Dr. Wood stomped the release pedal on the bed allowing the bed to go completely flat. “Carol, ET tube now,” he shouted as he grabbed a laryngoscope. He titled the patient’s head back and quickly inserted the tube and affixed the Ambu bag to the tube. “Carol, take over while I start CPR.”

Carol and Dr. Woods worked frantically for several minutes trying to revive Mr. Polomo. The heart monitor stopped its screeching. Dr. Woods glanced up at the monitor, grabbed his stethoscope, and listened for heart sounds. It appeared the crisis was over at least for the moment.

“Normal rhythm. Carol, get Mr. Polomo hooked up to a ventilator,” Dr. Woods said, backing away, panting from the sudden and intense exertion. “Carol where’s the chart?”

Carol pointed down at the floor where the chart had fallen during the commotion. Dr. Woods leaned over, picked up the chart, grabbed the lab results from the bed tray, and slumped into the chair that had been pushed up against the wall. Something was not right. Aplastic anemia was certainly a serious condition but it would not account for Mr. Polomo’s sudden deterioration and cardiac arrest.

Dr. Woods inserted the lab results into the chart and reviewed all the particulars of Mr. Polomo’s case. There was very little to review in regard to an outward physical explanation of the patient’s condition and there was absolutely no medical history. Turning to the only other source of information, Dr. Woods studied the lab results carefully. He rechecked each of the abnormal values he had already observed that pointed toward a diagnosis of aplastic anemia. There was one value that was inconsistent with the other abnormal values. Mr. Polomo’s MCV value was eighty-two right in the middle of the normal range. MCV, or mean corpuscular volume, is a measure of the average size of the sample’s red blood cells. In cases of aplastic anemia, a patient’s red blood cells would be smaller and would produce a low MCV value.

“Something just doesn’t add up,” Dr. Woods muttered to himself. “If Mr. Polomo doesn’t have aplastic anemia, what does he have?”

He got up, went over to the bed, and looked down at Mr. Polomo. “What are you not telling us?”, he said, as he pulled back Mr. Polomo’s gown and examined the reddened skin more closely. It looked like a sunburn but it had been cloudy for several days. A memory from long ago, during the first year of his residency, flashed into his mind. He remembered he had seen something similar. He lifted the receiver from the wall phone and dialed the hematology lab.

“Hematology lab,” the on-duty technician answered.

“This is Dr. Woods. Do you still have Mr. Polomo’s blood sample in the lab?”

“It’s ready to go to the freezer for storage. I was just walking out the door when you called.”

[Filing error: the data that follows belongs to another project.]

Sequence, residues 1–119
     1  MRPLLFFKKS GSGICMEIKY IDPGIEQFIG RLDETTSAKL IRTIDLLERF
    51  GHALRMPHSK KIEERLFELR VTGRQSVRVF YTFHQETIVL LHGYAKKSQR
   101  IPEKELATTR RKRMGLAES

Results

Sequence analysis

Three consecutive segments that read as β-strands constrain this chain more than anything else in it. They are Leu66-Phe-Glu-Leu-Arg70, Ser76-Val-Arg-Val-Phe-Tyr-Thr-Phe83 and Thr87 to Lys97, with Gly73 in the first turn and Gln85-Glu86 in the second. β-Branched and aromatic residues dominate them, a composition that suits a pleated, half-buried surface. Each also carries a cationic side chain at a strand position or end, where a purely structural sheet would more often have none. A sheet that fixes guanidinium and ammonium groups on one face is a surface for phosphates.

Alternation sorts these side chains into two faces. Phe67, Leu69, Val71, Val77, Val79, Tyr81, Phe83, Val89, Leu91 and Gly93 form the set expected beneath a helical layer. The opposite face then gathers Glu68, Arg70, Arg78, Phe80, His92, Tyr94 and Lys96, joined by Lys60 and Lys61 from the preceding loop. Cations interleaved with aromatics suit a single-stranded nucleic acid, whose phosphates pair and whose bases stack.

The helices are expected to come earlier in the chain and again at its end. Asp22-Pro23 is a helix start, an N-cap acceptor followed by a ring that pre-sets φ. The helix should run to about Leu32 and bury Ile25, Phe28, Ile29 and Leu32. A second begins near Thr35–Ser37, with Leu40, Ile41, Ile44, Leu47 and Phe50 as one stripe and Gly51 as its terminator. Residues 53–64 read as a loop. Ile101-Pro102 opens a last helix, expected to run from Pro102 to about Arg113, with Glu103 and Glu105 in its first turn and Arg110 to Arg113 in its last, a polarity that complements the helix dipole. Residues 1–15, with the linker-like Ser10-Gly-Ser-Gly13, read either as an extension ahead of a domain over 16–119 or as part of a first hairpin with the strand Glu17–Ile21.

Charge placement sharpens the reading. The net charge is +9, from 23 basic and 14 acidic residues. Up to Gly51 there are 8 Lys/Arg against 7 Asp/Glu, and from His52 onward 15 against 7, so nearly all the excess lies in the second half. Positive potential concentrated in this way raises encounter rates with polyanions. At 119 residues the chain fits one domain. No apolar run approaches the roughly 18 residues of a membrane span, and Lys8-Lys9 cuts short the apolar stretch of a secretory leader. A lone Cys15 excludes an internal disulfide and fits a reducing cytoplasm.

“Great. I want you to run one more test. An E-Tr assay. Do you have enough sample left?”

“Sure do. That test only takes a drop or two of blood, but the analysis will take two hours.”

“That’s fine. As soon as the results are back, call Carol Morgan in the emergency department or page Dr. Ramona Berger and give her the results.”

“Yes sir. Will do.”

“Thanks,” Dr. Woods said. He hung up the phone and headed for the emergency department admin desk.

After Mr. Polomo was finally stable and had been turned over to Dr. Berger, a profound fatigue set in. Dr. Woods was mentally and physically exhausted. He felt as if he had barely enough energy left to walk to his car.

Heading for the locker room, he stopped at the ER doorway, “Hey Carol, when the lab calls with the results of the test I ordered, call me. I hope I’m wrong, but I have an uneasy feeling about Mr. Polomo’s case.”

Dr. Woods turned, shuffled off toward the locker room to change out of his scrubs, and head home to get some much needed sleep. In the locker room, he slumped down on the bench and rubbed his tired eyes. He kicked off his shoes and threw them into the bottom of his locker. He sat there for some time going over everything that had transpired regarding Mr. Polomo. A nagging feeling that something was very wrong would not go away. Deciding there was nothing further he could do until the result of the last blood test came back, he changed into street clothes and headed for the exit.

Dr. Woods rushed out of the locker room and headed for the exit before anything else could happen. He pushed the exit door open and hurried to the last row in the parking lot where his faded, blue 1999 Chevrolet Tracker was parked. Quickly unlocking the door, he tossed his backpack in the back seat, and slumped down into the front seat. He started the engine and waited a few minutes for it to warm up.

He certainly could afford a better car, but the old car had been very dependable all the way through medical school and his internship. Old Blue as he called it had become like an old friend. It ran well, did not burn any oil, and got reasonably good gas mileage. But most important of all; it was paid for and he hated spending money unnecessarily. He was not the least concerned about flaunting a successful doctor image. In his mind, spending tens of thousands of dollars on an expensive luxury car was foolish.

He backed out of the parking space and headed west toward Highway 80. Turning right on Highway 80, he drove north for nine blocks then turned left onto Highway 191. He turned on the radio and tuned in the local country western station. He did not particularly care for country western music, but it was the only station he could pick up on Old Blue’s radio. Knowing it was going to be difficult to stay awake, he rolled down the driver’s side window and settled in for the thirty minute drive to his rental house near Elfrida.

Even if he had been looking in the rear-view mirror, he likely would not have noticed the dark green Jeep Wrangler that followed him out of the hospital parking lot because Jeep Wranglers were an extremely popular vehicle in the desert southwest. The Jeep had settled in behind him and was following at a safe distance.